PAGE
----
Theraplay: The Evidence for Trauma-Focused Treatment for Children and Families

Theraplay: The Evidence for Trauma-Focused Treatment for Children and Families

Catherine Tucker (Indiana State University, USA) and Sondra Smith-Adcock (University of Florida, USA)
DOI: 10.4018/978-1-5225-2224-9.ch003
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Theraplay® is a brief, attachment-based parent-child psychotherapy approach that uses interactional play to establish ‘affectional' bonds between caregiver and child. Recent research related to Theraplay suggests it is an evidence-based practice for use in schools and clinical settings for a wide range of childhood problems, including those that are trauma-based. Of particular importance, Theraplay is emerging as an approach that is consistent with current neuroscience research on children's brain development and new understandings of attachment and disruption advanced by researchers. Young clients with some form of trauma-related symptoms comprise a large percentage of clinical cases, and present with complicated emotional and behavioral problems In this chapter, we will explore the basic theoretical underpinnings of Theraplay, the relevant mechanisms of change, and current evidence base. Although Theraplay can be used with a wide range of clients and problems, in this chapter, the focus will be on the applicatio with families with children who have experienced trauma.
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History And Evolution Of Theraplay

In 1965, the Head Start program began in the United States, offering free pre-school to underprivileged children. Dr. Ann Jernberg, a Clinical Psychologist, was hired to develop a treatment program that could serve the hundreds of children entering the program in Chicago who needed help with behavioral and social-emotional issues that left them ill-prepared to integrate into the program. At that time, the only mental health services available to young children were at private psychological practices, an impractical model to deliver services to these children in poor neighborhoods. Theraplay was born out of this need for mental health care for young children and families, and has since evolved to a more central focus on attachment and the importance of caregiver attunement and co-regulation based on co-creator Phyllis Booth’s studies with John Bowlby and at the Tavistock Institute. Attunement, or the adult’s ability to recognize and respond to the child’s internal emotional state, and co-regulation, the adult’s ability to soothe a child who is distressed and engage a child who is distracted or bored, are essential to achieving healthy attachment and social-emotional development (Schore, 2009; Schore & Schore, 2008).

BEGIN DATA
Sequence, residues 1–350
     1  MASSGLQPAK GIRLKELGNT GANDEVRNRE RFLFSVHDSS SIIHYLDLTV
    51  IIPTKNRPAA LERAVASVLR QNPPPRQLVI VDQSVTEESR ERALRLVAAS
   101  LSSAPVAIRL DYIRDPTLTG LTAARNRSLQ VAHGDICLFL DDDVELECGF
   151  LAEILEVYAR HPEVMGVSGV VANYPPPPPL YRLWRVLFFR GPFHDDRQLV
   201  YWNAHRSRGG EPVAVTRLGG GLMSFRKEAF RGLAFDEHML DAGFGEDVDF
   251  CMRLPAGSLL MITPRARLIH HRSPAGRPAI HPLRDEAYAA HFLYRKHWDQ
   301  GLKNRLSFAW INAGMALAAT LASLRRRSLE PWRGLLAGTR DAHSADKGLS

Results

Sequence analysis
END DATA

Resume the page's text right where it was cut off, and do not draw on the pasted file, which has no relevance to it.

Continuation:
The Theraplay Institute was organized in Chicago in 1971, originally as a private psychological practice, where parents who had heard of the success of Theraplay in Head Start sought treatment for their own children and families. Theraplay® was registered as a service mark in the United States in 1976, to protect the integrity of the model. During this time, professionals had begun coming to the Institute to get trained in Theraplay, and a fledgling certification program was developed. Within a few years, people from Canada, Germany, and Finland traveled to Chicago to train in the Theraplay method. Realizing that the Institute was becoming more of an international training organization than a local clinical practice, it was reincorporated as a non-profit organization in 1995. A rigorous protocol for certification as a Theraplay therapist and further training to become a Theraplay Trainer and Supervisor were developed, and Booth wrote the second edition of the Theraplay text, published in 1999. She published the third edition of the Theraplay text in 2010. Theraplay is now used in over 60 countries.

Over the intervening four decades since its inception, Theraplay has evolved considerably. Among the changes are; adaptations for working with adolescents and adults (Kyung, 2011), adaptations for involving parents/caregivers (Bennett, Shiner, & Ryan, 2006; Weir, Lee, Canosa, Rodrigues, McWilliams, & Parker, 2013), adaptations for children with developmental disabilities (Siu, 2014). Adaptations have also been made specifically for treating trauma, which lends credibility to its use as a trauma-focused intervention (Bennett et al., 2006; Cort & Rowley, 2014; Robison, Lindaman, Clemmons, Doyle-Buckwalter, & Ryan, 2009; Wier et al., 2013). Several studies have been published on the efficacy of Theraplay with children on the autism spectrum (Franklin, Moore, Howard, Purvis, & Lindaman, 2007; Fuller, 1995) and internalizing disorders (Makela & Vierikko, 2005; Siu, 2009). Readers with a special interest in these populations should seek out those works.

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